Expert oncologists discuss the VELIA study and the new frontline PARP inhibitor treatment valiparib.
Maurie Markman, MD: As complicated as all of this is with actually 3 PARPs [poly ADP ribose polymerase inhibitors] that are now approved in the management of ovarian cancer, and we just talked about 2 PARPs specifically in the frontline setting, we add a new PARP that is examined in the frontline setting. We had it recently published in the New England Journal of Medicine, regarding veliparib. And so Wendel, take us through. What is this trial all about?
Wendel Naumann, MD: Veliparib was combined with chemotherapy. It was a design very similar to the GOG-218 with bevacizumab, they had 3 groups. The first group, the control group, was chemotherapy alone; the second group, chemotherapy with veliparib during the chemotherapy, with the idea that veliparib might make the chemotherapy more effective; and then the third group was the veliparib with chemotherapy followed by maintenance therapy. I think the HRD [homologous recombination deficiency] issue was looked at, but I think it’s important to understand that the HRD cutoff, the LOH [loss of heterozygosity] score was actually lower than it was in the PAOLA and PRIMA trials. So again, some subtleties of these trials that are very difficult to look at. The HRD-positive group in the VELIA trial may not have been as HRD-positive as it was in the PRIMA and PAOLA trial. That’s an important distinction.
I think the overall intent-to-treat population was positive, the BRCA patient population was positive, but when we separated out the BRCA wild type, HRD-positive in a subgroup analysis, that didn’t show a statistical benefit. There was a benefit, but it was not statistically significant. And I think a lot of people discounted that trial because of that, although I don’t know that that’s a fair comparison because it really wasn’t designed to do that. This was actually a pretty good prognosis group. About 70% of the patients in this trial actually had debulking down to no visible disease, and if you look at the absolute magnitude of benefit, it was actually the largest of the 3 trials over 6 months.
So again, how do we incorporate this in our decision making? I really don't know.
Michael Birrer, MD, PhD: We could spend the entire time talking about this particular trial and what it means. I think a couple points I would add is that Wendel brought up the HRD cutoff, which is interesting because of its impact on this trial. But it has also an impact on the other trial, which in PRIMA there are probably HRD-like patients in what’s called HR [homologous recombination] proficient because the cutoff was so high. It just gets complex. I think the relevant issue here is, and we all mumbled about this, is will the company file for this drug, and if so, will the FDA approve it and in what indication? The reason I say that is you’re coming to the dance a little bit late. There are a lot of companies already here with known drugs. That’s going to be a very expensive proposition, so it will be interesting to see how it plays out. I always think another drug is helpful for our patients.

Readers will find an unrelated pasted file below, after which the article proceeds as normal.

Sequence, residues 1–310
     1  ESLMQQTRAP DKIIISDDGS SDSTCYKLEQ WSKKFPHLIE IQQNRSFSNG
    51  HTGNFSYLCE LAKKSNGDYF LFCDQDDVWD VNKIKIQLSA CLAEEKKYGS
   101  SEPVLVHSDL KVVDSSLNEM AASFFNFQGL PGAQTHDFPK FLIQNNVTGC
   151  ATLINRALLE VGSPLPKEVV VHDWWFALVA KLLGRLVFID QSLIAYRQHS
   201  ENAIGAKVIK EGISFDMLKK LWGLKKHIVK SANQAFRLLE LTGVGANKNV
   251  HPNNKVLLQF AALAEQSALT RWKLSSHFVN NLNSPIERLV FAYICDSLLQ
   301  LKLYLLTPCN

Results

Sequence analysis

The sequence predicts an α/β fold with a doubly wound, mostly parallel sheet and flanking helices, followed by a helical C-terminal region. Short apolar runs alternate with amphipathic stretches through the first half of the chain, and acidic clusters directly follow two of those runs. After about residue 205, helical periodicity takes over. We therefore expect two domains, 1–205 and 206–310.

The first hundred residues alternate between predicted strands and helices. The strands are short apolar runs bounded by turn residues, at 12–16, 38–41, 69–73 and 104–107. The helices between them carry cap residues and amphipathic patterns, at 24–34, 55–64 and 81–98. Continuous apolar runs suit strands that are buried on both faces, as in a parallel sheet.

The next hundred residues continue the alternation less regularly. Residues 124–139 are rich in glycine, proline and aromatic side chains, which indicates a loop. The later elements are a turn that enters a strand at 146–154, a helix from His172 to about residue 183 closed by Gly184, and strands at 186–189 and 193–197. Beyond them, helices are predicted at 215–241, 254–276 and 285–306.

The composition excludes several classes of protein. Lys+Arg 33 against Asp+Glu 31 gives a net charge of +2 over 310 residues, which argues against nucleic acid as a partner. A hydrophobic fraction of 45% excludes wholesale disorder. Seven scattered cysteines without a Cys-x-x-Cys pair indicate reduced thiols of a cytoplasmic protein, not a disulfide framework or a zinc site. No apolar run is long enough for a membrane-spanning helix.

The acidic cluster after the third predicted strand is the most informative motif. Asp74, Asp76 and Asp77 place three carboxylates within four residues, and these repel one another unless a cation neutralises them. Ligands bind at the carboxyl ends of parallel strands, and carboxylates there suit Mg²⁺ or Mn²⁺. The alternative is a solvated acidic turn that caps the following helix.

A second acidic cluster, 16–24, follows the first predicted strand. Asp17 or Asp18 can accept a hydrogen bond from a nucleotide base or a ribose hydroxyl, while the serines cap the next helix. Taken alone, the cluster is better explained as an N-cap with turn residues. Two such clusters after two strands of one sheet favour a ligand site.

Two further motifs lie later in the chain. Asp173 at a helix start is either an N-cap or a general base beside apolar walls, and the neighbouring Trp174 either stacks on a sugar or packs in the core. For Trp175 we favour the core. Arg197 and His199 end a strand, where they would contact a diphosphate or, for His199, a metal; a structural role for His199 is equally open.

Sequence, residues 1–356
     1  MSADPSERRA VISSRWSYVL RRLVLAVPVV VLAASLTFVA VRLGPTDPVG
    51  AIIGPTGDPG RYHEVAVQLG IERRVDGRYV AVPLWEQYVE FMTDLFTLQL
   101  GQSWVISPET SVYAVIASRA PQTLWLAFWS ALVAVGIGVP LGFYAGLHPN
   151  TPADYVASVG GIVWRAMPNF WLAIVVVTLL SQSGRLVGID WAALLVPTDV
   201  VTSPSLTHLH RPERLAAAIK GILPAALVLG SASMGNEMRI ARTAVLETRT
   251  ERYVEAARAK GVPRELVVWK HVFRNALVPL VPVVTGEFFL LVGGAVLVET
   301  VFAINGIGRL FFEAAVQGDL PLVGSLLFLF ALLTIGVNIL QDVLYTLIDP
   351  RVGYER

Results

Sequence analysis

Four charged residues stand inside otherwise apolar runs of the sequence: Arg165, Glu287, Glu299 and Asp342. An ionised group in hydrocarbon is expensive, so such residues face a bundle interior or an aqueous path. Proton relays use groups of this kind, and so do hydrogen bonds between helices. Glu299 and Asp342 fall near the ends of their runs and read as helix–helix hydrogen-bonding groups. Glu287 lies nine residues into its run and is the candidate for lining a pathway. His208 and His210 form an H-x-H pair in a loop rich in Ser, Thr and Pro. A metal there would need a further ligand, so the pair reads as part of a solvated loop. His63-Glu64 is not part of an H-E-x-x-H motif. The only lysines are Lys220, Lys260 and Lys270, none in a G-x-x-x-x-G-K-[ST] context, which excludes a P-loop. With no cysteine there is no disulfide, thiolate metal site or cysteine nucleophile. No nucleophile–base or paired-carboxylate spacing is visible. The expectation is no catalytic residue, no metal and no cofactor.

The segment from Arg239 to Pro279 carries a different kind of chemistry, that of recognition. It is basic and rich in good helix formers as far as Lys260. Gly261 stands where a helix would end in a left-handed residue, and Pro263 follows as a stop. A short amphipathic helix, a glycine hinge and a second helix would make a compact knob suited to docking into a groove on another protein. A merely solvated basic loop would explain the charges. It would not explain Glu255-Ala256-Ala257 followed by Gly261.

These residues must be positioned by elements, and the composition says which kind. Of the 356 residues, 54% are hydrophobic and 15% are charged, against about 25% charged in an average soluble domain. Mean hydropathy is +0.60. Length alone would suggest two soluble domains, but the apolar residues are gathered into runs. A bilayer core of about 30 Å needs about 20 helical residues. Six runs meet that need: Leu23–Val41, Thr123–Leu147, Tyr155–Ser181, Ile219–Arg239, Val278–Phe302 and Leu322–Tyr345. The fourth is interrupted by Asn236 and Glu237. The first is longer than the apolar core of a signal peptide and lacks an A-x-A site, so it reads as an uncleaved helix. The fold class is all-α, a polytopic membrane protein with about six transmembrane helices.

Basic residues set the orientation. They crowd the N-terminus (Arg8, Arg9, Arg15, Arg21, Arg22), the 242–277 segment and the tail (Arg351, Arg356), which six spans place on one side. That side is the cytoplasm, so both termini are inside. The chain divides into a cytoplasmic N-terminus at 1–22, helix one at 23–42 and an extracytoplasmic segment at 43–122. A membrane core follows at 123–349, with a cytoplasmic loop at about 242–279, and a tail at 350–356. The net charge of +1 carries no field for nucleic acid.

Annette Hood, PharmD, BCACP: Another thing I wanted to point out is what’s different with this trial than with the other 2 trials is that the veliparib was given along with the chemotherapy, and the rate of myelosuppression was very high in this trial, so thrombocytopenias, anemias. And so it might lead to potential dose reductions of our curative chemotherapy. I think that’s something to keep in mind as well.
Wendel Naumann, MD: There was a reduction, although not statistically significant. There was a reduction, particularly in the platinum dose in the experimental arms, and I do have some concern about that. I think that’s a very valid point.
Michael Birrer, MD, PhD: And it’s a good point to bring up because if you try to use the other drugs with chemotherapy, we simply can’t. They’re really toxic. So we’ve all had a suspicion that this PARP works a little differently. Maybe, I hate to use the W word, weaker, but again there’s good news and bad news. The good news is you can combine it with chemotherapy, the bad news is it may be a little bit weaker, I don’t know.
Wendel Naumann, MD: Although we're not supposed to do cross-trial comparisons.
Maurie Markman, MD: We do it all the time.
Wendel Naumann, MD: We are cross-trial comparing. The important thing, when you look at the numbers in this trial, remember, these patients were randomized at the initial treatment, and the other trials were after chemotherapy. So it’s a very important distinction in terms of looking at the absolute benefit or the absolute PFS [progression-free survival] in these different trials.